Notes From the Dean
Parsons the New School for Design’s multidisciplinary curriculum evolves with the twenty-first century.
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Hello Compost, a thesis project by Parsons alumni Aly Blenkin and Luke Keller, seeks to introduce food-waste collection to low-income families by giving them a percentage of the revenue, which will earn them credits for purchasing locally grown produce.
Courtesy Aly Blenkin and Luke Keller
Being part of a university, the New School, opens up remarkable possibilities for cross-disciplinary study. As our incoming freshmen progress through the curriculum, we expect to see them using the flexibility afforded them to do the unexpected. That might mean an architecture student minoring in politics, a fashion major pursuing a course of study in Chinese, or a communication designer taking a minor in psychology. Or it might mean fine arts students collaborating with jazz students, or management students initiating a project with philosophy majors. We don’t know what they will choose to do, but we’ve opened the doors for them. It will be up to each student to exercise that freedom and create an experience that appeals to her imagination and goals.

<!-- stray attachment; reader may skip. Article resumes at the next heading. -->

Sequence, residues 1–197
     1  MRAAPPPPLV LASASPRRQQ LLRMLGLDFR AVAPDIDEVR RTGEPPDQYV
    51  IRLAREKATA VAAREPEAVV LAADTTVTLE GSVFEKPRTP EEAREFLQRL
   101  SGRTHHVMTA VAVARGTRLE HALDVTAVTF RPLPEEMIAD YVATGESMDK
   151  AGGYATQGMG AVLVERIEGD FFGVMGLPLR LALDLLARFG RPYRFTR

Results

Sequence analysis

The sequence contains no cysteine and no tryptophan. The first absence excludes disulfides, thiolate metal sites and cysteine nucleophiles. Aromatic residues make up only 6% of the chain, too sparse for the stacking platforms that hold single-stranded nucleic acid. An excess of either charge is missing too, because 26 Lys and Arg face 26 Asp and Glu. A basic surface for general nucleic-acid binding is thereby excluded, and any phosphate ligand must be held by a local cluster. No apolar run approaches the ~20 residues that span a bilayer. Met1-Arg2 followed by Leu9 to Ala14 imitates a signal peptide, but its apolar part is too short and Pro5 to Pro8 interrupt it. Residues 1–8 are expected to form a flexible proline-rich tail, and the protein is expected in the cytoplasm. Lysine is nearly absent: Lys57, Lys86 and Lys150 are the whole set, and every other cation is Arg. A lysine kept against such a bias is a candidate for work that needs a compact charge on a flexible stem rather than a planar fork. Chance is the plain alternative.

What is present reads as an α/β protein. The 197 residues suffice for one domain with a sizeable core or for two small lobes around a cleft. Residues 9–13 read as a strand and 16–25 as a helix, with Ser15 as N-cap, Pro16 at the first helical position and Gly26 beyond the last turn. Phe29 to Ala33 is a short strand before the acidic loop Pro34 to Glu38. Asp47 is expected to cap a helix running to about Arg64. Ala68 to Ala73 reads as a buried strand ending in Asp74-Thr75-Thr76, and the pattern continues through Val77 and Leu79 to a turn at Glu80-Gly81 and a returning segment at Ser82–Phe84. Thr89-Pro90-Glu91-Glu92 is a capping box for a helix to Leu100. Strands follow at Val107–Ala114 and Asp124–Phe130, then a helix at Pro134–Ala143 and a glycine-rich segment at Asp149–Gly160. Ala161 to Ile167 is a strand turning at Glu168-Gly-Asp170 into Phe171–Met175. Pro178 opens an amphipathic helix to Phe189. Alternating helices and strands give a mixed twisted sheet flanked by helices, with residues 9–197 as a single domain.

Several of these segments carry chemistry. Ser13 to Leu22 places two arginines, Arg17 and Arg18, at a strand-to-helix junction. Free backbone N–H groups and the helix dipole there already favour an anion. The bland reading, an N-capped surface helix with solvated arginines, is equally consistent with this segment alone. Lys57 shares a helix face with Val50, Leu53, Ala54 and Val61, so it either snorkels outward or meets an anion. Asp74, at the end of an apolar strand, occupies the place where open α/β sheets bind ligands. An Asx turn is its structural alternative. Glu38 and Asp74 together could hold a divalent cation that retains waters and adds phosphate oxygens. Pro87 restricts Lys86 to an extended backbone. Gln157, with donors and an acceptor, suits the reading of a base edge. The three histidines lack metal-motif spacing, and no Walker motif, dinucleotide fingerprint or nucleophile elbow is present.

But no matter what course of study a student pursues, she will not learn about design in isolation. Today’s complexities require approaches that interweave design with other ways of thinking and doing. Students need to actively engage with the role design can play in shaping the world around them, and gain real experience working with others across disciplines, cultures, and perspectives. This approach drives the work of consultancies such as IDEO and Frog Design, where social scientists, designers, artists, and business professionals collaborate, applying their collective expertise. At Parsons, we teach similarly cross-disciplinary routes, taking advantage of our unique position within a university that values design as equally as it does the social sciences, performing arts, management, policy, and liberal arts. This environment provides natural opportunities to bring together students and faculty from a diverse array of academic fields, to conduct research, tackle real-world projects, or just share ideas. When I see the results of these cross-university efforts—whether it’s the design and construction of passive houses or a program for youth that connects education to design and social change—I’m more convinced than ever that design education cannot operate alone.